How to prevent anemia during pregnancy?

The answer for this is a very simple one - a healthy and balanced diet.

  1. A realistic balanced diet, rich in iron and protein, should be prescribed which should be within the reach of the patient and should be easily digestible.
  2. Iron rich foods include meat, beans, iron fortified foods, dark green leafy vegetables and dried fruit. For home made iron rich snacks/recipes click on the this link
  3. Folic acid can be found in fruits and fruit juices, dark green leafy vegetables, green peas, kidney beans, peanuts, and enriched grain products, such as bread, cereal, pasta and rice.
  4. The main source of vitamin B12 is animal products like meet, eggs,poultry and dairy products
  5. If your doctor advises and prescribes, kindly take Adequate treatment for hookworm infestation, dysentery, malaria, bleeding piles, and/or urinary tract infection.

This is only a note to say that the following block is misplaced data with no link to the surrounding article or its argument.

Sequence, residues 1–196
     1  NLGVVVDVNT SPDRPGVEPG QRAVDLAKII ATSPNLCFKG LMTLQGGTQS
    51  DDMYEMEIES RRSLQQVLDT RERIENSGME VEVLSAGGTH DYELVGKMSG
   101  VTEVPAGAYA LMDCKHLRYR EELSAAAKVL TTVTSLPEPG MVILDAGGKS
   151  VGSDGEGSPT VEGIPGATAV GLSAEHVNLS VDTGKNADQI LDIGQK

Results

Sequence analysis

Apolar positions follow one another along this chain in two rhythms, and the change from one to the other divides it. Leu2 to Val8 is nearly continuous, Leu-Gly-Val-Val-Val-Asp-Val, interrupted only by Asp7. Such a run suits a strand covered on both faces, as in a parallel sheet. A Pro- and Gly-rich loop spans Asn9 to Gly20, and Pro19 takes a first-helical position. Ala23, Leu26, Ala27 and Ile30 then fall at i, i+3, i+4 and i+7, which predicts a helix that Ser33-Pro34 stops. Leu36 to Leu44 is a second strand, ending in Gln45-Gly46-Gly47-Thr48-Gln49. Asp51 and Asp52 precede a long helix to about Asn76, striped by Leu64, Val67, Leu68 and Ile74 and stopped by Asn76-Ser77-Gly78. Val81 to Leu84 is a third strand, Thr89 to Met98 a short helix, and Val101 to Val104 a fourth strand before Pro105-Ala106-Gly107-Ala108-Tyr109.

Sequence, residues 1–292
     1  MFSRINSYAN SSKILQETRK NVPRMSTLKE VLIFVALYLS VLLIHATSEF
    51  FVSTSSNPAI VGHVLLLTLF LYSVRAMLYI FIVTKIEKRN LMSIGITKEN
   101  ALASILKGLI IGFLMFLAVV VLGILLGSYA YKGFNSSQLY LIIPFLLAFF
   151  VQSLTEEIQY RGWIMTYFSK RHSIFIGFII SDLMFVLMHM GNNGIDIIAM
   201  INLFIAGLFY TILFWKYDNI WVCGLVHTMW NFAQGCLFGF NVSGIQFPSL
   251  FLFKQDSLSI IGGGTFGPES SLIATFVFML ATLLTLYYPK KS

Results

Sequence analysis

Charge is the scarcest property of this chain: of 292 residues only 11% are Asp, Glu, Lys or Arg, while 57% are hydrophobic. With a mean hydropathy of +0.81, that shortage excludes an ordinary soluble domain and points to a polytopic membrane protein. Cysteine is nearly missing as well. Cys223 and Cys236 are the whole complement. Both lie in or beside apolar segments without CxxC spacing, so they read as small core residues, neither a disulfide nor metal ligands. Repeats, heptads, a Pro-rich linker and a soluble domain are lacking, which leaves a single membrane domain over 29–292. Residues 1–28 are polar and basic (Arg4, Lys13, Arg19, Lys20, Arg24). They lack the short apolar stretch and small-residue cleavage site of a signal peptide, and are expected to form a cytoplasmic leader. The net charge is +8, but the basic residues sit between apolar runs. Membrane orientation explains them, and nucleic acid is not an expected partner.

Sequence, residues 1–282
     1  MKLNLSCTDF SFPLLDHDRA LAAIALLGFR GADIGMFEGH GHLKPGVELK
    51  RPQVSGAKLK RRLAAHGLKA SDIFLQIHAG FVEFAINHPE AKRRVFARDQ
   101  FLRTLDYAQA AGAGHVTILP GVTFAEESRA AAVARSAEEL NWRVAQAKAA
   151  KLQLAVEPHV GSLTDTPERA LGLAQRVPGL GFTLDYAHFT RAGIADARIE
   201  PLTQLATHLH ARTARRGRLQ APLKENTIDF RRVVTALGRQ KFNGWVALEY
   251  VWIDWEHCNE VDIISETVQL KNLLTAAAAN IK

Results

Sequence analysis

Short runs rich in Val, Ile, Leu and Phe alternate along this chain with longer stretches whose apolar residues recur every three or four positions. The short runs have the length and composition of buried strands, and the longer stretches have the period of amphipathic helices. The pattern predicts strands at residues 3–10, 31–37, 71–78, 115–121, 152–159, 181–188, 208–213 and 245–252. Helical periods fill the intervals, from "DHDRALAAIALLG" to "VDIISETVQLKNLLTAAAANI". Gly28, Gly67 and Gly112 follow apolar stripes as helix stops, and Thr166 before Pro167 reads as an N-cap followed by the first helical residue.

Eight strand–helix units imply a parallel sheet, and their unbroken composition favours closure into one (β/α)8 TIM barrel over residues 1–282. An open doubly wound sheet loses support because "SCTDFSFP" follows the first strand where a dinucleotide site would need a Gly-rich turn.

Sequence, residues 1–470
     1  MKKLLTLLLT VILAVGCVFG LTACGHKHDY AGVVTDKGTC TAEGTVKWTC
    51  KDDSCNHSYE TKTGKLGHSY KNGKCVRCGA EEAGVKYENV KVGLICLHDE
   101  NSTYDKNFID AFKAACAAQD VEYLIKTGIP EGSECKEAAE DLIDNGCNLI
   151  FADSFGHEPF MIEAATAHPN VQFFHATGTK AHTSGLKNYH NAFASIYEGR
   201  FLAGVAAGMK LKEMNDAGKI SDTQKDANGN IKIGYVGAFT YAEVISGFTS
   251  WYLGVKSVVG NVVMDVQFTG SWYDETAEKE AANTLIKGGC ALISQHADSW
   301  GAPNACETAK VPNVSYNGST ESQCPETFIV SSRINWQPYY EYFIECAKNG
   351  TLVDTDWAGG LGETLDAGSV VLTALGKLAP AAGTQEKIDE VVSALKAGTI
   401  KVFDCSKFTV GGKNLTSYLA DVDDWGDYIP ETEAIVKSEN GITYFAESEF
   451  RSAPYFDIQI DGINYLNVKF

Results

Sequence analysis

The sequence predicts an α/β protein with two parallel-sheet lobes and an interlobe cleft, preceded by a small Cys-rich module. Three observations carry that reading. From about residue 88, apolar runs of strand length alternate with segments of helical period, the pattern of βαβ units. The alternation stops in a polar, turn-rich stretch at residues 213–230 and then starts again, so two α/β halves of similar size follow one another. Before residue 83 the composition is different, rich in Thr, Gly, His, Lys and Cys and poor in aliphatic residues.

6. Foods rich in vitamin c like amla, guavas,fresh fruits and green leafy vegetables help increase iron absorption.
  7. The Indian government has introduced a national programme”ANEMIA MUKT BHARAT" with a goal to make India anemia free . Under this program the recommendations for iron and folic acid supplements for pregnant and non pregnant women are as follows

Under this program the government has implemented mandatory provision of iron and folic acid fortified food in government funded health programmes like integrated child development services and mid day meal schemes to address the micronutrient deficiencies.

Anemia is one of the major preventable causes of complications in pregnancy. Let’s work together make yourself anemia free by ensuring proper nutrition

It's easy to manage and maintain your health during pregnancy. Just follow your doctor's instructions for taking a prenatal vitamin that contains a sufficient amount of iron and folic acid and any other advice he/she prescribes.

Author : Dr. Chaitanya